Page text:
How to Use Checklists

Creating Checklists

There are three types of checklists: Single, Inline, and Bulleted. To a limited degree, these types can be combined. Checklists can be combined with Forms to create interactive templates to further guide and personalize feedback.

Checklists

AP+ and Institutional users have access to Checklists for making more dynamic, customizable content. Checklists are free to ALL users through January 1, 2024.

Single Checklists

Single Checklists are great for adding optional, standalone pieces of content to a comment. To create a Single Checklist item, wrap the text in double curly braces. {{}} This will, when selected, insert only the text you’ve created without a bullet point or logic to add “and” at the end of the list like the Bulleted and Inline checklists. 

This comment was created using single Checklists. Notice how it adds some “optional extras” to customize the comment as you see fit. 

Inline Checklists

Inline Checklists are created by enclosing the items in double parenthesis. Each individual item is separated by a comma. (Since a comma will always create an optional Checklist item, full sentences with punctuation are more suited to a Bulleted Checklist.)

For example: “I recommend that for your next presentation, you work on ((modulation, timing, outlining, slide design, advance preparation)).” will create the following dialogue, where you can choose which options are applicable.

Selecting these two options will result in this comment being inserted: “I recommend that for your next presentation you work on timing and slide design.” Notice how Inline Checklists automatically take care of adding “and” before the final option (when you select more than one option).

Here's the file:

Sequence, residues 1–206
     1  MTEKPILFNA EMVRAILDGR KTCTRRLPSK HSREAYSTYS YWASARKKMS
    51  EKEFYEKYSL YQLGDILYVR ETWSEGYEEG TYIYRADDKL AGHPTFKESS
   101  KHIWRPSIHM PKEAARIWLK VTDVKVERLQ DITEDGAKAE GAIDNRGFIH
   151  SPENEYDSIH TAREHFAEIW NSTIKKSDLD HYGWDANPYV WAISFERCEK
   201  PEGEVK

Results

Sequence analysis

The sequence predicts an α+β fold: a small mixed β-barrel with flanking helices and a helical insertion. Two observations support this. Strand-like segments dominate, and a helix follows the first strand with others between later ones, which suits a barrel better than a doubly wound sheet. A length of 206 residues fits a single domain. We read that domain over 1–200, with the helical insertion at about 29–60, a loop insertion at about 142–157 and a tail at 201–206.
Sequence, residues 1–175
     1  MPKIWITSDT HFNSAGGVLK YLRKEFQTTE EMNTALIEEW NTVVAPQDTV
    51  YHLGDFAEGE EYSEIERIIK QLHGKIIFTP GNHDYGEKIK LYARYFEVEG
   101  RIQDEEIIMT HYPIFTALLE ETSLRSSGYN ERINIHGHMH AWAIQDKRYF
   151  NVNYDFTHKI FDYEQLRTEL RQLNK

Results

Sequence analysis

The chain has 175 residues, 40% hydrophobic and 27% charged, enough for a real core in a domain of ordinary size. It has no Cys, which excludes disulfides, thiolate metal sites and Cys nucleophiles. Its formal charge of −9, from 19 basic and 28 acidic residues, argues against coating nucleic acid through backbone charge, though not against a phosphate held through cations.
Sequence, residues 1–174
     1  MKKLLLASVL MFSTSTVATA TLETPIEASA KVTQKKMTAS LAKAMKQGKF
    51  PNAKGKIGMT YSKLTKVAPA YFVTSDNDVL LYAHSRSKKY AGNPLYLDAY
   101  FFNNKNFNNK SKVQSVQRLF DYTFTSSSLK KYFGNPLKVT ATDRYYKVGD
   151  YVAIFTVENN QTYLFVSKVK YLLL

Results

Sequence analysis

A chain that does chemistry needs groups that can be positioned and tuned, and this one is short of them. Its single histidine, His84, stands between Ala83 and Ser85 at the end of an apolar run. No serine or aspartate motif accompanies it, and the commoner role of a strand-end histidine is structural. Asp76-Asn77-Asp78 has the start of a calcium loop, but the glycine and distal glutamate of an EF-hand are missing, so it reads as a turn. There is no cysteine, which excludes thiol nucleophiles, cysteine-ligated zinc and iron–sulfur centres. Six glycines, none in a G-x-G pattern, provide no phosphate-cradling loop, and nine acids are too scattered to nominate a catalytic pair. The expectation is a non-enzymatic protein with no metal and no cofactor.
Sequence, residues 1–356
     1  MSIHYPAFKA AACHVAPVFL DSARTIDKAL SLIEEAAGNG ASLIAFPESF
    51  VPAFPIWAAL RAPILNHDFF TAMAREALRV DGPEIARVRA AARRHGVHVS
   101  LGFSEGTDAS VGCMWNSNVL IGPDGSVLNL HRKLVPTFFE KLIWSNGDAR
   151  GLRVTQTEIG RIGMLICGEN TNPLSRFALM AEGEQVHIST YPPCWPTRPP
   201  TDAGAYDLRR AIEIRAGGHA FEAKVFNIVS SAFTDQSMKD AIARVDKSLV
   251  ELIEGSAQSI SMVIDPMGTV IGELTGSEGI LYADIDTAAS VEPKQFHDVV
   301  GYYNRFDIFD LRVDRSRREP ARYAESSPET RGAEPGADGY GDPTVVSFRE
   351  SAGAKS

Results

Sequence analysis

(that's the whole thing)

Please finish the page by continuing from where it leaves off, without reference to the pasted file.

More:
Bulleted Checklists

Bulleted Checklists are created by using a pair of brackets [] followed by a space. When you add the space after the brackets they will change to a closed box, indicating that a checkbox has been created.

Notice how the first item now has been converted to a Bulleted Checklist item. After adding a space to the second item it will create a closed box. 

Combined Checklists

You can incorporate Single or Inline Checklists into Bulleted Checklists. For example, imagine you made a Rubric using Bulleted Checklists. Instead of having a catch-all of possible objectives the student might not have achieved like a standard rubric, you could mark the specific objectives they didn’t achieve.

This student’s slide design needs some work. With Checklists, you can select the specific elements they need to improve on, leaving out the irrelavant bits. 

Limitations

Notice how in the above example, the comment made use of both Bulleted and Inline Checklists as well as Forms. Forms cause a prompt with a mandatory text field. At present the two features cannot be integrated directly. You can use a Form in a comment that has Checklists, but you cannot put a Form inside a Checklist item.

Inline Checklists can be put inside of Bulleted Checklist items, like in the example of a Rubric above. However, Bulleted Checklists cannot be reliably put inside a Inline Checklist without running into unwanted formatting problems.

Instructional Text

Sometimes you might want to leave a note for yourself or others if you are sharing a Libary with your colleagues. To include this instructional text, that won’t be inserted with the Comment’s text, you can use the </> formatting option in the editor. That will put it in a black box that will show up when the dialog box opens, but that won’t be inserted.

The text in the black box will not be inserted when the comment is inserted.